We are developing a metabolic marker compound that can measure the state of small-intestinal recovery of celiac patients undergoing GFDs. In this test (referred to as CypCel), a single oral dose of the widely used cholesterol-lowering agent, simvastatin (SV), is administered to a patient. SV has the unique property that it is highly metabolized by an enzyme on the intestinal villi before absorbing into the blood stream. So if the villi are healthy there is high metabolism and the SV concentration in blood will be low. Conversely if the villi are atrophied there is much less metabolism and the SV concentration in blood will be high. Therefore,  the measure of the concentration of SV in blood serum is a direct measure of the health of the villi.

A successful proof of concept trial (Moron 2013) has been followed by two subsequent supportive trials. Figure 5 shows improvement of the intestinal villi in newly diagnosed celiac patients recovering on a GFD. This is a unique capability for which there are no other effective diagnostics.

Figure 5. SV concentration in blood serum for different subject groups showing reduction in these levels with continued treatment on a gluten-free diet.

Cited References

Syage JA, Murray JA, Green PHR, Khosla, C. Latiglutenase Improves Symptoms in Seropositive Celiac Disease Patients While on a Gluten-Free Diet. Dig Dis & Sci 2017;62:2428-2432. https://doi.org/10.1007/s10620-017-4687-7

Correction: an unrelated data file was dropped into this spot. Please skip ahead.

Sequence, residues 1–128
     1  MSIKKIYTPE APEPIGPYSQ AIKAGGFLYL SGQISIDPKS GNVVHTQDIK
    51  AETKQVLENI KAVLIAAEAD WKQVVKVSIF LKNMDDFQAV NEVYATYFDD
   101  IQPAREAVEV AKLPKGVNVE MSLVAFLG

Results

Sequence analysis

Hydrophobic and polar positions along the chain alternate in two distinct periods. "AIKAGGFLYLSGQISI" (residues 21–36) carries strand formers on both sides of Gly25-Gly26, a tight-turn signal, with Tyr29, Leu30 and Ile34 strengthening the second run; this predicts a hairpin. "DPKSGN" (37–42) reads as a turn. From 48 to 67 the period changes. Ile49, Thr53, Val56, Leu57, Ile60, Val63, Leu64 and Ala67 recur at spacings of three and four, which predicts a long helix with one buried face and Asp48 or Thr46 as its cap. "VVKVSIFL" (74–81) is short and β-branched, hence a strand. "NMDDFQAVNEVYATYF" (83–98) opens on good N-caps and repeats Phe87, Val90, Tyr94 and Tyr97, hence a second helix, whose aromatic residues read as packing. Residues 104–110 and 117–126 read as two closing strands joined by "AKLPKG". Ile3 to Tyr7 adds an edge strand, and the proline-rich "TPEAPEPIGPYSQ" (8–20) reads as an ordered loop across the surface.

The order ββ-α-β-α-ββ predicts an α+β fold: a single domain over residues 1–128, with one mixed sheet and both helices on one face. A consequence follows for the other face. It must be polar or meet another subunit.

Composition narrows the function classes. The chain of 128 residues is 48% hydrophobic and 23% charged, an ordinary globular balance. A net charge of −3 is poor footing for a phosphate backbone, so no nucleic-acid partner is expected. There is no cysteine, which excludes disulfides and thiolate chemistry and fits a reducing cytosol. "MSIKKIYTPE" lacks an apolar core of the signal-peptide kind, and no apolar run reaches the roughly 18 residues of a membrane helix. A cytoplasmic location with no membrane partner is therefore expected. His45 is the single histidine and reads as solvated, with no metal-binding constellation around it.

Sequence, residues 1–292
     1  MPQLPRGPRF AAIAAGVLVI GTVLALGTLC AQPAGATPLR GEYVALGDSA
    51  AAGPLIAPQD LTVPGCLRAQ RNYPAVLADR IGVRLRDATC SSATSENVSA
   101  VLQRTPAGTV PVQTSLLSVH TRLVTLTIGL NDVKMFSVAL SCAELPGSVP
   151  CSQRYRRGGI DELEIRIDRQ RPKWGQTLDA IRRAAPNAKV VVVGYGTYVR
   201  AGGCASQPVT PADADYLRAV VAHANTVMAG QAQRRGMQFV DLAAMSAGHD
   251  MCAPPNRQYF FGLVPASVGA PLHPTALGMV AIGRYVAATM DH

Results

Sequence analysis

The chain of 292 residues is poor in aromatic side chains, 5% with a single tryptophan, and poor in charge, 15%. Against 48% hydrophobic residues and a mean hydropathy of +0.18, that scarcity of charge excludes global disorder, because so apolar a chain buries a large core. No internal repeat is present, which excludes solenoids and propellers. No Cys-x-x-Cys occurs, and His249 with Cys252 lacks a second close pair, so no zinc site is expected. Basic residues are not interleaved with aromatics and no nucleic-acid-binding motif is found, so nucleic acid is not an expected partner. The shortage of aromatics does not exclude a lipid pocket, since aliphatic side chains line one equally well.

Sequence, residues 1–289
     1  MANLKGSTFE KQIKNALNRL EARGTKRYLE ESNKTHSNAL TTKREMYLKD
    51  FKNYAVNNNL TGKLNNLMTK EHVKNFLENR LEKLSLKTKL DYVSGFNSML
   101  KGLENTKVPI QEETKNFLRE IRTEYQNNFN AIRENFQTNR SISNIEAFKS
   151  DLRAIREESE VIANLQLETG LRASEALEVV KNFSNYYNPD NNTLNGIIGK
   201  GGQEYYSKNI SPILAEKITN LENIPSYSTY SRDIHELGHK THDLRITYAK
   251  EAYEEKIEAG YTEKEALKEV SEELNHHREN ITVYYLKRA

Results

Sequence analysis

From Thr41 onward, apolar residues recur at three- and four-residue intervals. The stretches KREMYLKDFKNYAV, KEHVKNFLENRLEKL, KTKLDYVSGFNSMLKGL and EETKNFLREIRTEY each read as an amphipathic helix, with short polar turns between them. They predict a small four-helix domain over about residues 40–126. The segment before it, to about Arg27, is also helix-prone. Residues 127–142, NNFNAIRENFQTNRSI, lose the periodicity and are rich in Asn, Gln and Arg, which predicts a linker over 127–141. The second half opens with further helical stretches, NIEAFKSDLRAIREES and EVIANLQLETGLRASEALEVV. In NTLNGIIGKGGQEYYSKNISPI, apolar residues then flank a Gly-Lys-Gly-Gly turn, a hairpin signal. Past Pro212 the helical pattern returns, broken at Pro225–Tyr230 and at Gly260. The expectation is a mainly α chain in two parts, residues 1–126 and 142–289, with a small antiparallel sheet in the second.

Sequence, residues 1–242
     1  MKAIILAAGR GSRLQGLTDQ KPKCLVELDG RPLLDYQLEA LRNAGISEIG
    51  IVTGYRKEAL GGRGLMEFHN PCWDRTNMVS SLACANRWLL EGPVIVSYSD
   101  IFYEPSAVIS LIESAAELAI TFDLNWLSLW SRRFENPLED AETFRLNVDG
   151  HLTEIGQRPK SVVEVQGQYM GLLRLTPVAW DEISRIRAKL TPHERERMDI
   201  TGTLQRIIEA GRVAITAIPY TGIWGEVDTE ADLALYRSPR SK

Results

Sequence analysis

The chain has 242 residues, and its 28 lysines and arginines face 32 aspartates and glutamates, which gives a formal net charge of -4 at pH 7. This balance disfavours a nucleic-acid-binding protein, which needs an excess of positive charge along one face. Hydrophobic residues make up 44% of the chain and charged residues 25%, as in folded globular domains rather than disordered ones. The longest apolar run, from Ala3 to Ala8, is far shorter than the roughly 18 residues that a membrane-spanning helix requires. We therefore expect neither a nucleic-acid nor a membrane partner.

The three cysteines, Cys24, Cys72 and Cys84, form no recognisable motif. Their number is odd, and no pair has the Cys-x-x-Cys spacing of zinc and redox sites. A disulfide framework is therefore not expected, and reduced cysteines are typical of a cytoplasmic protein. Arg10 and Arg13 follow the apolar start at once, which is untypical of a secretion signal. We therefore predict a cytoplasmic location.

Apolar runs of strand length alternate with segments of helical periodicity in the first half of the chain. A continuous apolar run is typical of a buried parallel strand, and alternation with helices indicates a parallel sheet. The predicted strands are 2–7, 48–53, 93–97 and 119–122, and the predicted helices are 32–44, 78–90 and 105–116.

Syage JA et al., Latiglutenase Treatment for Celiac Disease: Symptom and Quality of Life Improvement for Seropositive Patients on a Gluten-Free Diet. GastroHep 2019;1:293-301. https://doi.org/10.1002/ygh2.371

Murray JA, Syage, JA, Wu T-T, Dickason MA, et al. Latiglutenase Protects the Mucosa and Attenuates Symptom Severity in Patients with Celiac Disease Exposed to a Gluten Challenge, Gastroenterology 2022; 163:1510-1521. https://doi.org/10.1053/j.gastro.2022.07.071

Moron B, Verma AK, … Khosla C et al. CYP3A4-catalyzed simvastatin metabolism as a non-invasive marker of small intestinal health in celiac disease. Am J Gastroenterol 2013;108:1-8. https://doi.org/10.1038/ajg.2013.151

Additional References

Schuppan D, Junker Y, Barisani D. Celiac disease: from pathogenesis to novel therapies. Gastroenterology 2009;137:1912–33. https://doi.org/10.1053/j.gastro.2009.09.008

Rubio-Tapia A, Murray JA. Celiac disease. Curr Opin Gastroenterol 2010;26:116–22. https://doi.org/10.1097/mog.0b013e3283365263

Leffler D, Kupfer SS, Lebwohl B, Bugin K, Griebel D, et al., Development of Celiac Disease Therapeutics: Report of the Third Gastroenterology Regulatory Endpoints and Advancement of Therapeutics Workshop. Gastroenterology 2016;151:407–411. https://doi.org/10.1053/j.gastro.2016.07.025

Kelly CP, Bai, JC, Liu E, Leffler DA. Celiac disease: clinical spectrum and management. Gastroenterol 2015;148:1175-1186. https://doi.org/10.1053/j.gastro.2015.01.044

Green PHR, Lebwohl B, Greywoode R. Celiac disease. J Allergy Clin Immunol 2015;135:1099-1106. https://doi.org/10.1016/j.jaci.2015.01.044

Syage JA, et al. Determination of gluten consumption in celiac disease patients on a gluten-free diet. Am J Clin Nutr 2018;107:201-207. https://doi.org/10.1093/ajcn/nqx049